There are several types of deals you will be closing. The first is a lease option with a sandwich lease which you intend to stay in and then sublease out to your tenant/buyer. The second is a lease option that you intend to assign to a buyer, which we now call an ACTS deal. The third is an owner financing deal which you intend to buy and close with owner financing and stay in the deal. The fourth is an owner financing deal which you intend to put under contract and then assign to a buyer and get out of the deal. The fifth is a taking over debt subject-to deal, which you likely intend to stay in, and the sixth is an all cash deal. The only thing left is an option that does not involve occu­pancy of the house or installing tenant buyers. We’ll ignore that for the sake of this article.

In the case of a lease option agree­ment, whether it be a sandwich or an ACTS, this agreement is signed in the house, or you leave it with the seller, and they bring it to you the day after or whenever you can get them to finally put their signature on the dotted line. Once this happens, there’s nothing else for you to do except find a tenant/buyer for the property, and when that’s done, your attorney will close the tenant/buyer with the ap­propriate lease option agreement while simultaneously contacting the seller and getting anything else signed we need for our own protection. Of course, this is the easiest closing you will do because as soon as the seller signs the agreement, in effect, you’re closed. There’s no formal closing at an attorney’s office until you locate the tenant buyer. Read More→

The soul never thinks without a picture.” ~ Aristotle

It’s summer! It’s time for gadgets! Last month, we talked about some of the smaller extras you might want to get for your new tablet or smartphone – things like screen protectors and styluses and cases. This month, I’m going to talk about some bigger investments you might want to make in your business’s “infrastructure”: a scanner, back-up capacity, and a keyboard. I’ll also mention a couple frivolous items I just can’t resist mentioning.

First, let’s talk about scanners. Trust me, you want one. Why? Because it’s an essential tool for getting, and staying, organized – especially if you’re one of those people who writes stuff on whatever little piece of paper is close at hand. I used to be like that, and I could never find anything. Now, I scan that piece of paper, or receipt, or business card, or contract, and I save it in an electronic folder. I’ve organized those folders like an old-fashioned filing system, so I can find that little piece of information right away. This allows me to have as little paper in my office as possible. More importantly, the fact that I can find information fast gives me credibility and fosters trust.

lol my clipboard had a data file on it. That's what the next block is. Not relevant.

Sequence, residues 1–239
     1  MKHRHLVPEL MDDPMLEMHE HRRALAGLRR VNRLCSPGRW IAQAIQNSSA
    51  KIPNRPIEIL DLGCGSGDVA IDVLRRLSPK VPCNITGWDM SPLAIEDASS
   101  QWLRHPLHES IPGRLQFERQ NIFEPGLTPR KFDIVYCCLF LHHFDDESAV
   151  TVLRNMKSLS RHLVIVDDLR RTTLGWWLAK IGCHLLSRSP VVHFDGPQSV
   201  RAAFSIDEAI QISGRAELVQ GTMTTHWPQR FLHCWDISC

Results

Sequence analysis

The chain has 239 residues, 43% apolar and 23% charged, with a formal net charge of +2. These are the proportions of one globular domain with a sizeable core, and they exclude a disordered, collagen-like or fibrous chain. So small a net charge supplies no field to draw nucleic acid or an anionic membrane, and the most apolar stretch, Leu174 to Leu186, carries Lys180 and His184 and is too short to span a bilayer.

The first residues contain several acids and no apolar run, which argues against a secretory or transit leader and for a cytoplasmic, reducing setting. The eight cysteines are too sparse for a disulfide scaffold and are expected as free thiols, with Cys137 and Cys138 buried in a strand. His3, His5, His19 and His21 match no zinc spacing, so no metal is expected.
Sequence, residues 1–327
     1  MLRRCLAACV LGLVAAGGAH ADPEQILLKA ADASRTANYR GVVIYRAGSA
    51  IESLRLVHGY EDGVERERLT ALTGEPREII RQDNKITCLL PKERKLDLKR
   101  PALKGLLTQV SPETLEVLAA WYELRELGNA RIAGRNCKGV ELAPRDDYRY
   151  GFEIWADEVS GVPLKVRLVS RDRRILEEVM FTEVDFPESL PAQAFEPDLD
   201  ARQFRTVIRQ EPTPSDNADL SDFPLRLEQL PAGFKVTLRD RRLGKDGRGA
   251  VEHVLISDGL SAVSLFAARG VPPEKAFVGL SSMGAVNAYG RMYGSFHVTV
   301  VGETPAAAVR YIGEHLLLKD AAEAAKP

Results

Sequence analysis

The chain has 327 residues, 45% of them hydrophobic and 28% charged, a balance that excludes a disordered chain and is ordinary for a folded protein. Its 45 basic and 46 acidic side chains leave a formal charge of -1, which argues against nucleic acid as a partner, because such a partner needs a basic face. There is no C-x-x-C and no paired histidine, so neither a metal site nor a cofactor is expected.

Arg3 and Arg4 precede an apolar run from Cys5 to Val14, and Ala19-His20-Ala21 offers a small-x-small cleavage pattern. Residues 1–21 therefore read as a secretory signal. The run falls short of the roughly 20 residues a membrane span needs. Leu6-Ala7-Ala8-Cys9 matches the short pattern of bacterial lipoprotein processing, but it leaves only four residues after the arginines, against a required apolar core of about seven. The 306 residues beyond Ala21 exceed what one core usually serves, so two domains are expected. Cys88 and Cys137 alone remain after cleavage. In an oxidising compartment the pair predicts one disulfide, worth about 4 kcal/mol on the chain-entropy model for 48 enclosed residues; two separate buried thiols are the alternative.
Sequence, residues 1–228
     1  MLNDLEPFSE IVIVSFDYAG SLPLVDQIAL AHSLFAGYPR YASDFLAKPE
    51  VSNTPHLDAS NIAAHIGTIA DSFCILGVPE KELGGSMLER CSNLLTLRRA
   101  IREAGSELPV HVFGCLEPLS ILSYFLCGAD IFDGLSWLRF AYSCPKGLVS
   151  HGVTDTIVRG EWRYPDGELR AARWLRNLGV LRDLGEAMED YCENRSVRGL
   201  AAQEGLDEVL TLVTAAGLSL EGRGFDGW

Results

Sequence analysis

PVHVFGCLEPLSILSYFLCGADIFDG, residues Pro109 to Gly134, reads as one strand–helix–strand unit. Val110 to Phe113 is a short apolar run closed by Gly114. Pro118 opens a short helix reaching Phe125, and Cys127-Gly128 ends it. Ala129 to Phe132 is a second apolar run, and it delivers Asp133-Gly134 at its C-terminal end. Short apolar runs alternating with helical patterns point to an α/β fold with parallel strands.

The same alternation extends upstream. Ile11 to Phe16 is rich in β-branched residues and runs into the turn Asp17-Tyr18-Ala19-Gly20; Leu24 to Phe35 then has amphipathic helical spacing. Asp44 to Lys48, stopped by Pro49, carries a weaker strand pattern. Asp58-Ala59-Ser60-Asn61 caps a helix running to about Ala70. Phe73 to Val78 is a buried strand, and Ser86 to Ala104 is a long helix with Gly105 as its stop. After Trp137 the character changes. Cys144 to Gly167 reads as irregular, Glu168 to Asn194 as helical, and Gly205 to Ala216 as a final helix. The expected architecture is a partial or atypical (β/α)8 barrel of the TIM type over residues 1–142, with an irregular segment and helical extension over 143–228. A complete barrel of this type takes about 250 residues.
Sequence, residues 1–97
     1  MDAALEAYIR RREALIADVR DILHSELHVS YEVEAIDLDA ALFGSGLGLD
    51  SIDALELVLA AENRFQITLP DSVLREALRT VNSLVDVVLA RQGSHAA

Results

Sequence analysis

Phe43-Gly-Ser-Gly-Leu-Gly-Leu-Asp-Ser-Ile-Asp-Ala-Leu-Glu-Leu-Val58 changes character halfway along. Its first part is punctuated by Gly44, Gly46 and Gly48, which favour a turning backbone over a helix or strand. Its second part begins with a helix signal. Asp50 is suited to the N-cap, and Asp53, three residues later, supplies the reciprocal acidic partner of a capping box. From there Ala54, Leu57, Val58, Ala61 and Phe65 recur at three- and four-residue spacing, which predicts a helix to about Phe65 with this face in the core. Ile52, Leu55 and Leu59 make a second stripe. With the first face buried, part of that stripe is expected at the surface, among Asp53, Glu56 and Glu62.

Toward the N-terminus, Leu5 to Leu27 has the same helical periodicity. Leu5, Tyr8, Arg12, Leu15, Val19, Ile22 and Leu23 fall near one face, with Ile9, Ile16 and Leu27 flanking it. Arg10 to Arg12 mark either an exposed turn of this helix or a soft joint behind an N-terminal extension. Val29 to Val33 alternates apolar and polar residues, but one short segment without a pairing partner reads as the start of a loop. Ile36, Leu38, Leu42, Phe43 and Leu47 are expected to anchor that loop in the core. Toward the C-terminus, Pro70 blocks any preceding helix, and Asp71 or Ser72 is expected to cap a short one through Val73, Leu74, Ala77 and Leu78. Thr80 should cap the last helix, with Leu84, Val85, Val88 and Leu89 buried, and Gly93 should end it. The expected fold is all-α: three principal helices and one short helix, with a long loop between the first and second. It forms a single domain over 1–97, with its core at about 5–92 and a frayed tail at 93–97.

Buying a scanner is easier than you think. In fact, there’s a good chance you already have one, because a lot of printers have scan functions, too. Your printer probably lives in your office, and this is very handy . . . when you’re in your office. It won’t do much good if you’re out and about and you want to email a signed contract to your lawyer. That’s why I also have a portable scanner that I keep in my car for just such occasions. By the way, make sure at least one of your printer-scanners can handle more than one page at a time. Mine can scan 24 pages a minute, and I can’t tell you how much time that thing has saved me. Read More→

Today I read an article written by Harry S. Dent who is a famous economist. Mr. Dent is predicting that the Dow is going to tumble down as much as 60% to 6,000 then ultimately tumble again to somewhere around 3,300. Mr. Dent predicts that Gold will fall to $750/ounce and crude oil will eventually fall to $10 per barrel and unemployment will skyrocket, he quotes “It’s going to get ugly”. Mr. Dent predicted the 2008 financial disaster and has been correct about many financial issues over the past 10 to 15 years.

I’m not an economist but I know that we, in the business of houses, have always survived through every cycle the economy has ever thrown at us. Even during the great depression of the 1930’s landlords who had affordable housing survived through those tough years. I believe the secret of being able to keep our properties and even make money in tough times will be based on not so much how much debt we have on each property but how much our monthly mortgage payment is every month. Whether you plan to keep any property as a rental or you plan to sell a property with seller financing terms I believe this will be the key to your survival and ability to prosper in a down cycle of the economy.